Bhoothakaalam has been earn rave reviews since its release. Among them is filmmaker Ram Gopal Varma, who has terrified audiences with his films such as Kaun? (1999) and Phoonk (2008), and first cast Revathy in a horror role, in the bilingual Hindi/Telugu Raat/Raatri (1992). He praised its director and producer for the “ambience”, and the acting of Nigam and the “ultra-versatile” Revathy.
Sadasivan took nearly a year to write the film. “From the start, Shane was part of the pre-production process. We sat down and wrote a lot, in terms of delivering dialogue and bringing out the emotions on screen. It was the same with Revathy; I could imagine them playing these characters in my head,” he says.
For someone who first wrote the script in English and turned to screenwriter Sreekumar Shreyas for the Malayalam script, the dialogues are just icing on the cake. “I wanted structure first with a good start, midpoint and captivating climax. I kept the dialogue minimal.
He doesn’t mind that the film was released on a OTT platform. ” I am not disappointed. I am overwhelmed with the response I have received over the past few weeks. The majority of the film is captured through silence and it’s not a good format for theaters. I don’t know how fear can be appreciated in a collective format. You may not feel the same kind of emotion as when your headphones are plugged in. I’m very happy that it was released on an OTT platform,” he says.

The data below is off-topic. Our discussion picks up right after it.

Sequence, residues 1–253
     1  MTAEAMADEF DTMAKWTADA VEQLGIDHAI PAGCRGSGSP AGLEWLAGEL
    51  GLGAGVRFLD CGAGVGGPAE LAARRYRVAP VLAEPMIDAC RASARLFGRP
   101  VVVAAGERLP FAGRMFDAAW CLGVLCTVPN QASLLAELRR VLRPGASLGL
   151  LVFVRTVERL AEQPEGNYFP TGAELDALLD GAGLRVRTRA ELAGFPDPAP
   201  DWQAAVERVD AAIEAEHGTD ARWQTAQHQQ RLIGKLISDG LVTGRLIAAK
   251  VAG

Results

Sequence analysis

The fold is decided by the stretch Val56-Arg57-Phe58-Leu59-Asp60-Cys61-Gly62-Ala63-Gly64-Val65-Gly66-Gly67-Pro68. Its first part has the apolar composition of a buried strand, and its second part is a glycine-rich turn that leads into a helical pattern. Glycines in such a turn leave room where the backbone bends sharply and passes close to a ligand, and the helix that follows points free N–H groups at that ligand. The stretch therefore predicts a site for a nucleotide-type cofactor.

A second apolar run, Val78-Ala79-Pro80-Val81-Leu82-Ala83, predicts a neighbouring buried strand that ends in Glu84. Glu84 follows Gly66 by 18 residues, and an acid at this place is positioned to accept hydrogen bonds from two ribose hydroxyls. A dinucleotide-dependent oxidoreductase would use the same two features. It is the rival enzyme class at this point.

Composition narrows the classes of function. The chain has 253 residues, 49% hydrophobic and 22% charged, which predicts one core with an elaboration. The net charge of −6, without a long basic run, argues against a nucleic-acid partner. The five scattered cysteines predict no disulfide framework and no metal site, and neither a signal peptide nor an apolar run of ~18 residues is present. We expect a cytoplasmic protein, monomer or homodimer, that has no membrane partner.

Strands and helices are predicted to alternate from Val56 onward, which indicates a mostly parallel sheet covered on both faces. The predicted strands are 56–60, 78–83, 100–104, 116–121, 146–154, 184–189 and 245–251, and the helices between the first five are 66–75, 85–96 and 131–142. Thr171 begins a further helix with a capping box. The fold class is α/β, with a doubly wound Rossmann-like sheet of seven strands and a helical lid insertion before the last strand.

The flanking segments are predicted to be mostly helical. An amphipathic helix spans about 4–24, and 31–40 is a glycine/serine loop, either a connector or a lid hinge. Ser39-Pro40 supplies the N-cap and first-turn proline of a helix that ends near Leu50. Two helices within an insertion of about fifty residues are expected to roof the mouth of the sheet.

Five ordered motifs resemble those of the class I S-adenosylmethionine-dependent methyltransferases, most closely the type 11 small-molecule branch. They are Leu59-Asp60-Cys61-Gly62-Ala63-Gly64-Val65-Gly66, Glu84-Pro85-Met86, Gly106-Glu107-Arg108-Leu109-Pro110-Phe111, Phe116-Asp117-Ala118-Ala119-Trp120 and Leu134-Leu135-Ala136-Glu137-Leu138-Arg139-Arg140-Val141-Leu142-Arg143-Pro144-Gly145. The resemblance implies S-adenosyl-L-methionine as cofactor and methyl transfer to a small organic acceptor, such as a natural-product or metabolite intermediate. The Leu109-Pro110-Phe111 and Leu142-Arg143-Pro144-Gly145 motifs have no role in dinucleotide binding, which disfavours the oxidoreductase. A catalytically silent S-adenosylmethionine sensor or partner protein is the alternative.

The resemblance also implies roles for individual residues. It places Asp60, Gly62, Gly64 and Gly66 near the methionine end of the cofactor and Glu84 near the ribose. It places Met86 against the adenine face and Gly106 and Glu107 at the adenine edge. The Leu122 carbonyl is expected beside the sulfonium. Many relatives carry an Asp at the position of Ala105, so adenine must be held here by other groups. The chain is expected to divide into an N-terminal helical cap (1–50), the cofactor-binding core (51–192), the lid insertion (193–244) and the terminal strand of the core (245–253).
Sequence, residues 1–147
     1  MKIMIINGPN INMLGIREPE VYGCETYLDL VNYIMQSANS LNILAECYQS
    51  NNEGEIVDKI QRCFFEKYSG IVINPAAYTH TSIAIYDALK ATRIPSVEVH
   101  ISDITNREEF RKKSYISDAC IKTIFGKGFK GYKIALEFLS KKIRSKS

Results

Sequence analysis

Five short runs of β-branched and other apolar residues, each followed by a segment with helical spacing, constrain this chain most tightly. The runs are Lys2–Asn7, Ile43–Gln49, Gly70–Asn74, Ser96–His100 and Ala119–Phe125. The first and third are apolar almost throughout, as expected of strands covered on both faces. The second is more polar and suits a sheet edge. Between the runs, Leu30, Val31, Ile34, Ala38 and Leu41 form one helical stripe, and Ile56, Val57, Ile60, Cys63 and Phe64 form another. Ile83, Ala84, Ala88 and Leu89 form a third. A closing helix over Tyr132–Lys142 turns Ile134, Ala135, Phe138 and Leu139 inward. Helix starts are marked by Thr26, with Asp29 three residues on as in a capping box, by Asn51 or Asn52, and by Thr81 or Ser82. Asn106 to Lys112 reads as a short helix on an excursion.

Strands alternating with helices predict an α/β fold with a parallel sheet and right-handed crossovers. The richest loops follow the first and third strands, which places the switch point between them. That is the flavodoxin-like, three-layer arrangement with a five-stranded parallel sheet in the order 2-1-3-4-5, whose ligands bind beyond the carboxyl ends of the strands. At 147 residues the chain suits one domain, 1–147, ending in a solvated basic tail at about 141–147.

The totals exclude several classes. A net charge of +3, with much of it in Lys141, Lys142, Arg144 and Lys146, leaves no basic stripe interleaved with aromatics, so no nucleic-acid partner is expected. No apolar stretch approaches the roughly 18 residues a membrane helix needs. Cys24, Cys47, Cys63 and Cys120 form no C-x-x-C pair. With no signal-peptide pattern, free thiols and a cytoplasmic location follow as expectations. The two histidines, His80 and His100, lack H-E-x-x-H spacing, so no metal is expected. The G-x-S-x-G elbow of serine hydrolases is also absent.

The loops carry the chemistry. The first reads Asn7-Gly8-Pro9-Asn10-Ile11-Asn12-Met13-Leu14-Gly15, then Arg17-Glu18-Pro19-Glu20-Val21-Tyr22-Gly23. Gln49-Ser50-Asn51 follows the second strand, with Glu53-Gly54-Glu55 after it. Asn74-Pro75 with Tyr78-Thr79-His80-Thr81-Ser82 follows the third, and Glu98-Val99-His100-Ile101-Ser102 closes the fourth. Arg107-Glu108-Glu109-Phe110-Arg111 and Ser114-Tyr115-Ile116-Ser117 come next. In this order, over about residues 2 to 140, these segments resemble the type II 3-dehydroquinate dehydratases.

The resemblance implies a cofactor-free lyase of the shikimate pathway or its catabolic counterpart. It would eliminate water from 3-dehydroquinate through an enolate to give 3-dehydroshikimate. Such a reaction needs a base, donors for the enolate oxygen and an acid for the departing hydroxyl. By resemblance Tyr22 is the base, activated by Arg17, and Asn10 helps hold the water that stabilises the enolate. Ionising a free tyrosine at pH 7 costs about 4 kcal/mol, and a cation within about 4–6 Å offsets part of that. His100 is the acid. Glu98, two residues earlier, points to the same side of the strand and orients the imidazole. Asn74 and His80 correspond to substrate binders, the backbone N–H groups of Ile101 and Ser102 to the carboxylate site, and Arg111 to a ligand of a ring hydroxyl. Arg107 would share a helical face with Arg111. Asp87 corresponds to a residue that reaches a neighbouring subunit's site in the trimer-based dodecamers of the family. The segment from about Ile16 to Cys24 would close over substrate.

Like a young filmmaker, it was difficult though. “The Malayalam film industry is very competitive. Unless you have a new concept, it’s hard to survive. If I work on another film, I have to start from scratch to form an idea and wait for its release. But with Bhoothakaalam, I had the full support of the cast and crew, especially my producer Anwar Rasheed, who believed in my idea and trusted me,” he says.